IN ORDER TO DEVELOP A DEMONSTRATION OF THE ‘ART OF THE POSSIBLE’, ESPECIALLY FOR USE IN EARLY PRESENTATIONS AND EXHIBITIONS TO POTENTIAL STAKEHOLDERS, WE FELT IT WAS NECESSARY TO PUT TOGETHER A SIMPLE, BUT EXPLORABLE VR SCENARIO OF A REASONABLY ACCURATE MODEL OF THE MAYFLOWER, AND TO LOCATE THAT MODEL WITHIN A HARBOURSIDE CONTEXT.
Unlike the Anne project of 2014, skilled resources for developing such a demonstration from scratch were, at the time, very scarce. However, given the existence of 3D assets available online, we decided to use these as a starting point and to develop a scenario that could be hosted within the Unity 3D games/rendering engine and explored in real time, both by a user at a conventional PC workstation, and by one using a range of contemporary VR head-mounted displays.
Interestingly, we discovered that the Turbosquid site also offered a 3D model of the Speedwell. The Speedwell was a fully rigged, 60-ton pinnace, purchased by the Pilgrims in Leiden, The Netherlands. The ship sailed from Delftshaven in July of 1620 to rendezvous with the Mayflower and their English counterparts in Southampton. Both ships sailed for the New World a month later, but the Speedwell was found to be in such a poor seaworthy state, leaking badly once in the English Channel, both ships were forced to return to England, mooring up at Dartmouth. A second sailing attempt from Dartmouth also ended in failure, both ships returning once again, this time to Plymouth. On 16 September 1620, the Mayflower continued the voyage on her own.
Both versions were available in either Autodesk’s 3ds Max format. Once converted into the Autodesk-owned FilmBoX (FBX) format, the resulting models were in one of the 3D file formats readily accepted by the Unity real-time rendering package. An FBX file format contains nearly everything related to a 3D or VR scene, including cameras, lighting, rigs and textures, minimising the developer’s effort when importing a model into another 3D tool, such as Unity. Indeed, one of the models was already available in an FBX format. The model of the Speedwell used for the demonstration can be seen here.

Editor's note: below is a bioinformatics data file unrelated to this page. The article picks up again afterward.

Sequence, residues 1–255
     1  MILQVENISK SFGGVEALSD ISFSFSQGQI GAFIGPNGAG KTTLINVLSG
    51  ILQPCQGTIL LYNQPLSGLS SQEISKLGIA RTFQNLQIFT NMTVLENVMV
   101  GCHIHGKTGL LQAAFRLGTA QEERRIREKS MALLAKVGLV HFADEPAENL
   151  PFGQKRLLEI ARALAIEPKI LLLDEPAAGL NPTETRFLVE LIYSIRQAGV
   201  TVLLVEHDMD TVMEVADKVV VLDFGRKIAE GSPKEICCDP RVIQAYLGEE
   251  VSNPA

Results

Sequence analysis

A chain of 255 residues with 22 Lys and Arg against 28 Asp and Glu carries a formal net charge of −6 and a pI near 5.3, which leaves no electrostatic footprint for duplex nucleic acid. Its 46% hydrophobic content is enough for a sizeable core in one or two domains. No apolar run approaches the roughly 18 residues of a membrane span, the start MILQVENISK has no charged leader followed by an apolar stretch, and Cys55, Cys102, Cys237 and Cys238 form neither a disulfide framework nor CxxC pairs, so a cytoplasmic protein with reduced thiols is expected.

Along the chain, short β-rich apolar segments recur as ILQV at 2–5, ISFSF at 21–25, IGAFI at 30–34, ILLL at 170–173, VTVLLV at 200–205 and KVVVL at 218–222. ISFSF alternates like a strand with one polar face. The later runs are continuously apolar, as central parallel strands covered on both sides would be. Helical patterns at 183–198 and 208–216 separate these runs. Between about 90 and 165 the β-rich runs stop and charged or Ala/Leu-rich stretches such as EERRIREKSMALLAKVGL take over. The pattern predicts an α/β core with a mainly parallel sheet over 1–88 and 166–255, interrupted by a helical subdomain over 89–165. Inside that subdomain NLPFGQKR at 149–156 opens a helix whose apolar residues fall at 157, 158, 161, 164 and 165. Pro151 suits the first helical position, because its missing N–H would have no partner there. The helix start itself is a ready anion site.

The accuracy of this model was questionable, as the main hull structure was pretty much identical to the Mayflower, in both layout and size (in reality, the Speedwell was a much smaller vessel). However, the mast and sail layout were different, as were some of the deck structures. For the purposes of this early demo, we judged the model to be adequate. The ship was also available in an FBX format.
In the absence of a harbour model resembling Plymouth’s Barbican, we selected a simple 3D scene, simply to give a nautical context to the demonstration. The model used in this case, which was available in FBX format, was an earlier version of the one seen here.
Once in Unity, we added various atmospheric effects, such as lighting and mist, together with water motion and a sky box. The resulting scene can be explored, either using a VR headset and hand controllers, or in ‘desktop’ VR mode, using a mouse to ‘look around’ and the W-A-S-D or arrow keys of a keyboard to move. The resulting scenario, featuring both ships are shown below.
Also at this stage in the project, we conducted a simple investigation to evaluate the capability of the model to host multiple low-detail virtual passengers and crew (avatars). As described later, in order to preserve the real-time performance of VR demonstrations such as this, it is important that detailed 3D human representations are only used for close-up scenes; more distant avatars need to be very simplistic, in visual terms, but with the illusion of reality being achieved using convincing motion behaviours.
Given the early stage of the project, the result was acceptable, but it was apparent that we would need to devote further time and effort in order to make the virtual ship’s complement more believable in the long run.